Even if you're already reusing pretty much any kitchen scrap you can, there's still going to be quite a bit going in the garbage bin. If you're lucky enough to have a yard, you've probably already jumped on the composting bandwagon, but for us apartment-dwellers, the idea of composting seems like some sort of faraway dream... and yet it's a much more tangible reality than you might think. If you're living in an apartment and you don't want to toss your carrot ends, potato peels and apple cores into the trashcan, read on.
Buying the Container
Perhaps the most important part of apartment composting is the container that you use. While you shouldn't be using a homemade container, even outside, because of potential animal problems, it's especially important when composting in an apartment because of the smell. A Bokashi system is a good choice, because it uses Bokashi -- a fermented wheat bran mix -- that helps the compost to get started. The bin itself is designed for indoor use and keeps odors away.
The other option is worm composting. It may seem strange to invite these critters into your home, but they're more than happy to stay where the food is, and they won't escape from their bin. You can order the worms and the bin online, and soon you'll be on your way! Another benefit to this method is that because the worms eat the material you want to compost, it doesn't have time to rot and create unpleasant odors.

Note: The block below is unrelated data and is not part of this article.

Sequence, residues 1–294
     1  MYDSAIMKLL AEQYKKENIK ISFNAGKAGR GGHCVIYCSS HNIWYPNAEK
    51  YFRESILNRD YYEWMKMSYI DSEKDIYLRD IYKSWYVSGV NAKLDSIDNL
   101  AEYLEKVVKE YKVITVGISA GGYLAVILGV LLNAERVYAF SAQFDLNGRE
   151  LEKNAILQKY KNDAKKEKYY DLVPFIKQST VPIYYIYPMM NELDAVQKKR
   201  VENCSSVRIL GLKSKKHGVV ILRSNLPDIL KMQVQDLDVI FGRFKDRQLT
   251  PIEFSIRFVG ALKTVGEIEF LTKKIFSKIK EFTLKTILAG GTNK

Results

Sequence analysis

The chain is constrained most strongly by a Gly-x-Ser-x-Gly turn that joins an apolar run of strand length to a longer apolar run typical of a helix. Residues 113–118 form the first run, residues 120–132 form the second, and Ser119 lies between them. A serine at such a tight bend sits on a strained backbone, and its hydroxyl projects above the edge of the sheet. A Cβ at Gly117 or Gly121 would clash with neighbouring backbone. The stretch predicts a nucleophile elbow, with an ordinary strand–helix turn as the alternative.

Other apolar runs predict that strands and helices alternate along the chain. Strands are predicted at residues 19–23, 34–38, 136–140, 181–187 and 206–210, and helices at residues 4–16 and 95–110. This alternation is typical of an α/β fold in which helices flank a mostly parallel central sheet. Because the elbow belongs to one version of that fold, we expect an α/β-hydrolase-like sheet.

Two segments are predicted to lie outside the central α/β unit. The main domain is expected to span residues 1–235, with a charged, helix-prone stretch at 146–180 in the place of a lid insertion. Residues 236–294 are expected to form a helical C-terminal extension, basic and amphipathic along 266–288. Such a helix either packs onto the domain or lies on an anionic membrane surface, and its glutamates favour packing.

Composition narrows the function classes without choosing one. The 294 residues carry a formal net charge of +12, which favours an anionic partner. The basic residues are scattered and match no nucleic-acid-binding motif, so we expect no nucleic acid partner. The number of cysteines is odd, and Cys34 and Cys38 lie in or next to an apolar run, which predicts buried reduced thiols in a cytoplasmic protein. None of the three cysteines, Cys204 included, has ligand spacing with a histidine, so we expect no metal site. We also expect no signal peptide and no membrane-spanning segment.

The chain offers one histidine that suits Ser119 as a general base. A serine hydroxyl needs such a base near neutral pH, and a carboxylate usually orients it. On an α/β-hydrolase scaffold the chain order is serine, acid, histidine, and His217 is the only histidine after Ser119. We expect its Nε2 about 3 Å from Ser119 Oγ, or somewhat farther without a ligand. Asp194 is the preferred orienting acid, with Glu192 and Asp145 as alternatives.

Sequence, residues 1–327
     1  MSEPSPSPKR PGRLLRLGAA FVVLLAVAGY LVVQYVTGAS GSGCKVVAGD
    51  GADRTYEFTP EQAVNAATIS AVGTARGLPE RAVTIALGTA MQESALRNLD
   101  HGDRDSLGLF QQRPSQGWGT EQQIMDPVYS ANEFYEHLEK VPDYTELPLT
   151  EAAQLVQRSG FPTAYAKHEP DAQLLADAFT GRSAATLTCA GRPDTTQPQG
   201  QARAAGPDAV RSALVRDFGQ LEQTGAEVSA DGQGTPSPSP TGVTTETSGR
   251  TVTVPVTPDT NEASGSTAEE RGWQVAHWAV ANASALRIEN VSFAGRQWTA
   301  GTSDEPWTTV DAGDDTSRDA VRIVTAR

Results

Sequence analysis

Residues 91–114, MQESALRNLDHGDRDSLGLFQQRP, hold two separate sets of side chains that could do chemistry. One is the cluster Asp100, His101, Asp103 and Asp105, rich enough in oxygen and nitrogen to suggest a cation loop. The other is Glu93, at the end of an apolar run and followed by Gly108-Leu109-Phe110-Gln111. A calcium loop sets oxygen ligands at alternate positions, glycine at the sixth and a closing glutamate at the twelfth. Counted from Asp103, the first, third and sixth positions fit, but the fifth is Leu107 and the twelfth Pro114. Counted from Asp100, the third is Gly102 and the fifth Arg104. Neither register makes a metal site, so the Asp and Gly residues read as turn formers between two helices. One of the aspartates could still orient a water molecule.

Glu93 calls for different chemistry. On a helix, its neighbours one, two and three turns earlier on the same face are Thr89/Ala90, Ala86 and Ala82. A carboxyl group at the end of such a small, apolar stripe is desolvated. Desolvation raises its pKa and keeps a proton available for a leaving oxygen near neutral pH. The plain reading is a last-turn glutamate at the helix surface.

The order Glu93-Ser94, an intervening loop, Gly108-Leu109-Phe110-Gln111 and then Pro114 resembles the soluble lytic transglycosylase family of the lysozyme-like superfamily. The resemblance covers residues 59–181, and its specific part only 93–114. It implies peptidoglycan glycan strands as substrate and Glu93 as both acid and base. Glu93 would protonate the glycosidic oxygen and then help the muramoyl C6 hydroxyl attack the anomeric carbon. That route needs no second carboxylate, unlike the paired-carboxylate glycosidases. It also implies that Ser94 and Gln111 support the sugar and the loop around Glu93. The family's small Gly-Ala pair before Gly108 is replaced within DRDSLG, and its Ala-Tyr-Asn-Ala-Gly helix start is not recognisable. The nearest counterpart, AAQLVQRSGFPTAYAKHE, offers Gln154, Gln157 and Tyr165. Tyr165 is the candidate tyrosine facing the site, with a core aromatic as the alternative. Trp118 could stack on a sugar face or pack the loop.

When composting outdoors, you have much more flexibility about what you toss and when you toss it. Indoors, you need to be careful to keep your compost bin efficient.
Start with soil: a bin full of food scraps does not a happy compost bin make! A few inches of soil or dirt at the bottom is the way to begin every time you start a new bin, and then you're ready to start adding things to compost.
From the Organic Authority Files
In addition to food scraps, you also need to add nitrogen, found in grass clippings or dead leaves. Collect some from your nearest park every week or so to help along your compost bin. If you don't have leaves on hand easily, you can also shred some newspaper or other paper you want to recycle; just keep the pieces small.
This is a general theme when it comes to composting, especially indoors: small pieces break down more easily, so be sure to cut up any food pieces before tossing them in.
Helping the Compost Along
Keep your compost happy by giving it ideal conditions to work. Add coffee grounds, which are great for compost, and avoid any meat or animal byproducts. Plant matter only! If you're not sure what not to compost, our guide might be of some help. In the same vein, there are some surprising things that you might not know can be composted.
Keep your compost bin in an area with good ventilation, but be sure to keep it in the shade: under the sink is great to keep it out of the way and in the dark, but keep the doors of any under-sink cabinets opened whenever you can -- while cooking, for example -- to make sure the bin is getting enough air.
What to Do with Your Compost
After about 45 days, your compost is ready to be used in a garden. If you have flower boxes or a terrace garden, use your compost to help your own plants along; just be sure to mix it with soil so that it's not too rich... it could kill your plants if used pure.
If you don't garden, you can give it away to friends! Any gardeners you know will be happy to get their hands on this all-natural plant food. If you don't have any gardening friends, ask around: put up an ad at your local organic supermarket or gardening store, offering the compost to likeminded people. Putting a little karma -- in the form of compost -- into the world never did anyone any harm!